Text Resize

Saturday September 24, 2016

Washington News

Washington Hotline

House Passes Senior Medical Care Bill

On September 13, the House voted 261 to 147 and approved the Halt Tax Increases on the Middle Class and Seniors Act (H.R. 3590). This bill would restore the medical deduction threshold limit to 7.5% of income, rather than the current 10% threshold that applies for taxpayers over age 65.

In the Patient Protection and Affordable Care Act, the threshold for itemized medical deductions was raised from 7.5% of adjusted gross income (AGI) to 10%. However, taxpayers age 65 and over were permitted to use the 7.5% threshold for a period of four years. In 2016 the threshold is changed to 10% for everyone.

For taxpayers over age 65, the increased 10% threshold will make it more difficult to qualify for medical deductions. If a taxpayer over age 65 has AGI of $50,000, then only his or her medical expenses over the 10% limit of $5,000 will be deductible. If the taxpayer has $6,000 in medical expenses that year, then only $1,000 is deductible (the excess over the $5,000 threshold).

The House bill was supported by AARP. The comment on an AARP blog suggested that most of the taxpayers who claimed the additional medical deduction have incomes less than $75,000.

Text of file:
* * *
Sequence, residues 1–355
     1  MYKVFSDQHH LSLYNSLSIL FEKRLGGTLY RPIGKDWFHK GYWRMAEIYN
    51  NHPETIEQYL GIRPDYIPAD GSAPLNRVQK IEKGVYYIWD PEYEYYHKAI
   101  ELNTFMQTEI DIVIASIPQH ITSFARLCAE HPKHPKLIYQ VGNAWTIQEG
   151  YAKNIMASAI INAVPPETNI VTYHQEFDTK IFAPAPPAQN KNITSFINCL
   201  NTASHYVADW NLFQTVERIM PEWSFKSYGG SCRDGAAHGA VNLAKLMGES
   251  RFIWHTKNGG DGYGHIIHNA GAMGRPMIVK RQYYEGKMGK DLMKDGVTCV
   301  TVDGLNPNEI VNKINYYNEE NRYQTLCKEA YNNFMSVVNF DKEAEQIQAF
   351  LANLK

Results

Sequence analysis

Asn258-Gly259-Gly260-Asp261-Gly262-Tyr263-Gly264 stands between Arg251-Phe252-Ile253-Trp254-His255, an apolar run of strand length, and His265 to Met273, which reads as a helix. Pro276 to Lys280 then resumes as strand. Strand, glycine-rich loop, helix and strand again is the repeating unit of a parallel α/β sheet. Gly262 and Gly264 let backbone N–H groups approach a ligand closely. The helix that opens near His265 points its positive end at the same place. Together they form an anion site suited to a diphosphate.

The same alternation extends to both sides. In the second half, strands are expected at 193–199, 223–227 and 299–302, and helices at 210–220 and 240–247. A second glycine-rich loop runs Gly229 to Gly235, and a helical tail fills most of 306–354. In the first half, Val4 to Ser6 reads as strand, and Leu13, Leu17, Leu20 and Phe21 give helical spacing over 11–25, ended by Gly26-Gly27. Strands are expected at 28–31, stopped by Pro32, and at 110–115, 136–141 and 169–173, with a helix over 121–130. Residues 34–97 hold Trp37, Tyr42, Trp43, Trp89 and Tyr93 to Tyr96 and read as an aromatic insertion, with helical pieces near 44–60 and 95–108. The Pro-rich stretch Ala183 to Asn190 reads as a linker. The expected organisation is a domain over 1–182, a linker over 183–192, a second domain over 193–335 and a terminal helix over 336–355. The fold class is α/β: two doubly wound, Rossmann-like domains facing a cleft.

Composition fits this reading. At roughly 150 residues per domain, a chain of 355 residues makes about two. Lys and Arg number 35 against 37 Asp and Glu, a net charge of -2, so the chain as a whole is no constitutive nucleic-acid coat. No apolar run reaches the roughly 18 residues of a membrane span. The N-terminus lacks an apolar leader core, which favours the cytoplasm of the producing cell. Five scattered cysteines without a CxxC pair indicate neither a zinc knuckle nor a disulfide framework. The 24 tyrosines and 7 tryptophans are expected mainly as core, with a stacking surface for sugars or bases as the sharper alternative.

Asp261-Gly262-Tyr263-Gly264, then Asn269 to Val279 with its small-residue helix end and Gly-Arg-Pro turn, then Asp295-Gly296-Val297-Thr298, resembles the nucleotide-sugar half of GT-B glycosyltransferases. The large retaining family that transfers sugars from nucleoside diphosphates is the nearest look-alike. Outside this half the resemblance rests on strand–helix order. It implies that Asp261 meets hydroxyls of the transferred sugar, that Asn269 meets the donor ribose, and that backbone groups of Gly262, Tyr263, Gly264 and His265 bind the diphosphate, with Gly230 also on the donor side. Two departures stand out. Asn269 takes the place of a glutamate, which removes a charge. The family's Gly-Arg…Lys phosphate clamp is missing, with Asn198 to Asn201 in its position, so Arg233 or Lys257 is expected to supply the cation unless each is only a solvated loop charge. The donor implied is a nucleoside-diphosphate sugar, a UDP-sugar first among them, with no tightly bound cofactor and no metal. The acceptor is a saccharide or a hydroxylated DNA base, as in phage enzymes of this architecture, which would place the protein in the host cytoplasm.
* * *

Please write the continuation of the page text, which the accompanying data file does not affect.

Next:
House Ways and Means Committee Chairman Kevin Brady (R-TX) spoke in favor of the bill. He stated, "The committee believes that individuals with high health care cost should not be subject to a tax increase after 2016."

The Ranking Member of the House Ways and Means Committee is Sander Levin (D-MI). He noted that the revenue from the bill is designed to help fund the Affordable Care Act benefits. Rep. Levin cited Joint Committee on Taxation information that suggested two thirds of the tax benefits from the 7.5% threshold would accrue to upper-income persons. Rep. Levin indicated that he would continue to oppose the bill and prefers to leave the medical deduction threshold at the current 10% level.

Published September 16, 2016

Previous Articles

New Identity Theft Attacks

Potential IRS Improvements

Impersonation Scams Reduce IRS Credibility

Tax Fraudsters Use iTunes Cards

IRS Battles Stolen Identity Refund Fraud

scriptsknown